Jobs That Use Geometry
Date: 12/18/2001 at 16:24:24 From: Keesha Subject: Jobs related to Geometry Dr. Math, What are jobs that use geometry? I would like to learn how geometry is used in real life. I am wondering what jobs involve geometry so that I can know that I will some day use the information that I am learning. Thanks for your time and consideration. Keesha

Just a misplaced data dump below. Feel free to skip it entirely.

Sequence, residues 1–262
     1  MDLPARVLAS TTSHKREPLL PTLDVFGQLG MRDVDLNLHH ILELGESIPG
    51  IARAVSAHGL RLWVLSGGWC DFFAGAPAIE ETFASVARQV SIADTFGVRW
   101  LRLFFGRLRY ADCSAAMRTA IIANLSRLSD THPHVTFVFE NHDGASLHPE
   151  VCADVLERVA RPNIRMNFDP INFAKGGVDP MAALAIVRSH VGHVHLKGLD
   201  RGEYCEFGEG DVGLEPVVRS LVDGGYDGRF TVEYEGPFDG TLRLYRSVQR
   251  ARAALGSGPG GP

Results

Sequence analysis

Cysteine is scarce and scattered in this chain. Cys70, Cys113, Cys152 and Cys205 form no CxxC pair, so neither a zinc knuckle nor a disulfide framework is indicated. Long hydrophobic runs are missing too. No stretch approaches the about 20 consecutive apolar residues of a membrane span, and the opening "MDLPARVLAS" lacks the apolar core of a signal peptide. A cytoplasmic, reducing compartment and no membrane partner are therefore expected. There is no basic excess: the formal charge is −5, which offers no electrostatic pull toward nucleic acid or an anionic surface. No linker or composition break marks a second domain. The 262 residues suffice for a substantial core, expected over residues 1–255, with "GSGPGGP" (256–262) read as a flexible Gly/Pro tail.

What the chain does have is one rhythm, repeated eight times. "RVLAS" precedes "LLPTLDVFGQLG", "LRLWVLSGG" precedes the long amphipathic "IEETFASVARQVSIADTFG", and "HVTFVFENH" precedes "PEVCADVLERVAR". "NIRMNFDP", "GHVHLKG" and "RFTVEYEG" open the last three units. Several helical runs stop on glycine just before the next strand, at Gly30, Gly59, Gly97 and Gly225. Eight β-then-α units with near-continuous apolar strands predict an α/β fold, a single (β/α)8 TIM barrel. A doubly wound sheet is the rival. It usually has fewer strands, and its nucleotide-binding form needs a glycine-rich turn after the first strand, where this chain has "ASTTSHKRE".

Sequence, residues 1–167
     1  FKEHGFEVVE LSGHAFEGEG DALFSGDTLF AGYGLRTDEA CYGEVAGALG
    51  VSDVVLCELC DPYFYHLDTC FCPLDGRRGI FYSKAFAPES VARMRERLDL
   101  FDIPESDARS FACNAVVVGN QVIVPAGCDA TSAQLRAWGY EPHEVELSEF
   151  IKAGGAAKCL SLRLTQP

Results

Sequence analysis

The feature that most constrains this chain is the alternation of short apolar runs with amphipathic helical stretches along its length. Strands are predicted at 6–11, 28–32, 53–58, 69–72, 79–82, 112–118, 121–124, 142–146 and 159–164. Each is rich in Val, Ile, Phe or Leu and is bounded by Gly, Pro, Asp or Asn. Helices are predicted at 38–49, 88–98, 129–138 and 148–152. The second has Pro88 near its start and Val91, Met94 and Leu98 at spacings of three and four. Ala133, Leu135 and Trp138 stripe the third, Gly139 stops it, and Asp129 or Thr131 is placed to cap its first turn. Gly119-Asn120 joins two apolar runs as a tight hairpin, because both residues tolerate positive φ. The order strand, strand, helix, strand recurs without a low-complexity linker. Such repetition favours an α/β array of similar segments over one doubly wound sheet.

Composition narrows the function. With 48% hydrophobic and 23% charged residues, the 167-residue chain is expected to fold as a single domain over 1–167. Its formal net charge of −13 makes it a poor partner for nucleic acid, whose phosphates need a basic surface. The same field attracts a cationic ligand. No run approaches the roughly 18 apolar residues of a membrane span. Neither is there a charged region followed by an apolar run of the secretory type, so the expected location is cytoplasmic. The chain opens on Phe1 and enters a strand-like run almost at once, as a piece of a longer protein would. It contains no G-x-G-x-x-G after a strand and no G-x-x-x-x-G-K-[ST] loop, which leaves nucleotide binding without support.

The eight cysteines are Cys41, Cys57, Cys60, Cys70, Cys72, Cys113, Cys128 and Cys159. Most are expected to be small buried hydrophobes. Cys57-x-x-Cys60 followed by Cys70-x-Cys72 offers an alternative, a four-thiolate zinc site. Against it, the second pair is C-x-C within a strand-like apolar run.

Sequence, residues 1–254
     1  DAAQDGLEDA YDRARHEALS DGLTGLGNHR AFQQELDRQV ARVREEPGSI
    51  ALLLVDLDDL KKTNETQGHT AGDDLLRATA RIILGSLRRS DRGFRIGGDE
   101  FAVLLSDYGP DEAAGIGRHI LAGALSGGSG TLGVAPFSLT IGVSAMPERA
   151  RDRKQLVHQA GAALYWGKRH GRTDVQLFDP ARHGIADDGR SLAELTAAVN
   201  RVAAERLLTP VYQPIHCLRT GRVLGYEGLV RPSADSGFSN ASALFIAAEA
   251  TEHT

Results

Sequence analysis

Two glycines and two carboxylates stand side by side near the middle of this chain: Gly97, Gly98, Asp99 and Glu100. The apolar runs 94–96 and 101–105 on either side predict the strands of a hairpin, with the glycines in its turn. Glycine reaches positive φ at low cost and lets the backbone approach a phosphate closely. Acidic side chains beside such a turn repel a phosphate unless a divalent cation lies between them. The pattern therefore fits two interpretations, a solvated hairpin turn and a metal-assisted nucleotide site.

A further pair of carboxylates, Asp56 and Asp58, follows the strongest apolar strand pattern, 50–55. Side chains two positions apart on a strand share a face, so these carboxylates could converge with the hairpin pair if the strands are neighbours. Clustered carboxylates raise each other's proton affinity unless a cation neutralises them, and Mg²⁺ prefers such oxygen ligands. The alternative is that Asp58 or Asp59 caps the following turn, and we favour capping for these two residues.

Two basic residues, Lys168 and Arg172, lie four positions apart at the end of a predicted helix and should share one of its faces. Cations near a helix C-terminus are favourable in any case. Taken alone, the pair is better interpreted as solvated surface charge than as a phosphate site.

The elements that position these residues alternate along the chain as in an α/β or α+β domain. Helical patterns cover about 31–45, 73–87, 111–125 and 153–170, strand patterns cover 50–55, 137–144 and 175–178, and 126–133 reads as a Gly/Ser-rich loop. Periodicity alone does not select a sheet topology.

Date: 12/18/2001 at 17:45:41 From: Doctor Sarah Subject: Re: Jobs related to Geometry Hi Keesha - thanks for writing to Dr. Math. Some contributions to the discussion group geometry-pre-college on this topic may be helpful to you: A few years ago, I attended a math teachers' conference. The theme of this conference was applications of mathematics in the workforce. The speaker who made the biggest impression on me was a representative from a carpenters' union. He showed us the entrance exam for their apprenticeship program. He said that nearly of the rejected applicants were people who had trouble with the math. This was not heavy stuff. All of the mathematics is introduced in or before eighth grade. A typical geometry question would ask how much concrete is needed for a footing with these dimensions, or how much fencing is needed to enclose the region in this sketch. Carpentry generally does not require much formal education, but some of their applicants thought all they had to do was show up. - Paul Kunkel I work in discrete applied geometry. Let me briefly describe a few of the areas where I encounter geometry being used. (a) Computer graphics is based on geometry - how images are transformed when viewed in various ways. (b) Computer-aided design, computer-aided geometric design. Representing shapes in computers, and using these descriptions to create images, to instruct people or machines to build the shapes, etc. (e.g. the hood of a car, the overlay of parts in a building construction, even parts of computer animation). (c) Robotics. Robotic vision, planning how to grasp a shape with a robot arm, or how to move a large shape without collission. In (b) and (c) there is a field called 'computational geometry' that involves algorithms for how to efficiently do these calculations. There are many interesting issues and problems, some of which can be understood in high school math. (d) Medical imaging - how to reconstruct the shape of a tumor from CAT scans, and other medical measurements. Lots of new geometry and other math was (and still is being) developed for this. (e) Structural engineering. What shapes are rigid or flexible, how they respond to forces and stresses. Statics (resolution of forces) is essentially geometry. This goes over into all levels of design, form, and function of many things. I have attended some interesting architecture and design conferences where all of this flows together - sometimes (in North American culture) with people knowing too little geometry to do some of the things well. (f) Protein modeling. Much of the function of a protein is determined by its shape and how the pieces move. Mad Cow Disease is caused by the introduction of a 'shape' into the brain (a shape carried by a protein). Many drugs are designed to change the shape or motions of a protein - something that we are just now working to model, even approximately, in computers, using geometry and related areas (combinatorics, topology). (g) Physics, chemistry, biology, .... . Symmetry is a central concept of many studies in science - and also the central concept of modern studies of geometry. Students struggle in university science if they are not able to detect symmetries of an object (molecule in stereo chemistry, systems of laws in physics, ... ). the study of transfromations and related symmetries has been, since 1870s the defining characteristic of geometric studies. - Walter Whiteley Here are a few professions that depend on geometry. First of all, if you look at the derivation of the word, geo (earth) and metrics (measurement) you have a description of what land surveyors do. Two other occupations that have long depended on geometry are navigation (figuring out how to get from point A to point B, and knowing where one is at all times along the way) and astronomy. Engineers who design all kinds of structures, from bridges to airplanes to automobiles, use geometry to help determine the stresses and strains of each part of a structure so that all parts of the structure can be made strong enough. Try putting the terms "finite element analysis" into your favorite search engine and see what you find. NASA developed one of the best-known packages of finite element analysis software, called NASTRAN. The people who wrote the computer software to produce the animated films "Monsters Inc." and "Toy Story" used geometry to make the critters look real. - Tom Johnson Last month I received a call from an acquaintance, a stock broker at a major firm, that rather shocked me. She knew that I was a geometry teacher and said she had come across a hard math question for me to solve. I suppose I was expecting something along the lines of a question on fractals and how they might be related to chaotic behavior of the stock market. But no. Her question was this: a clerk at the paint store told her that a one gallon can of paint would single coat 400 square feet, and she wanted to paint the four rectangular walls of her bedroom, each of which was 12 feet long and 8 feet high. She wanted to know how many cans she should buy. She told me she had simply added all the numbers together to get 12 + 8 + 4 = 24 and then divided 400 by 24 to get about 17, but intuitively knew that was too many cans to buy. She also told me she knew the solution had something to do with addition or subtraction or multiplication or division, but she couldn't figure out the "right order" to do it in and thus was calling upon my "expertise" for assistance. I must confess that I was fairly stunned that a stock broker, whom one would assume uses far more sophisticated mathematics than this on a daily basis in the course of her work, would have so little number sense as to be stymied by this relatively simple problem. - Steve Earth My father was a tool and die maker for the Boeing Company in Seattle for nearly 30 years. He created the tools that made the parts that made the planes that you fly on. If the engineer asked for a screw that was 6 inches long and would screw in with 4.5 twists, he would be the person to make the tool to create that part... all with geometry and trigonometry. I have to admit that when I was younger, I thought of his occupation as just a very "blue collar" job. He hadn't finished high school (left school during the depression). What could he possibly know about mathematics? The summer after my freshman year in college as a mathematics major I went to work for the Boeing Company as a mathematicians' assistant, and I had the opportunity one day to wander down to his workstation and to see what he really did. Boy, Oh Boy. Were my eyes opened. He knew more about the applications of geometry and trigonometry than I will ever know. Unfortunately, with the advent of computer technology, the need for this type of skilled craftsman is declining. Too bad.... - Art Mabbott We also have a number of questions and answers in what we call the Practical Geometry area of the Dr. Math archives. They were sent to us by people who were working on real problems. Take a look and see what you can learn from them: http://mathforum.org/library/drmath/sets/high_practical_geom.html - Doctor Sarah, The Math Forum http://mathforum.org/dr.math/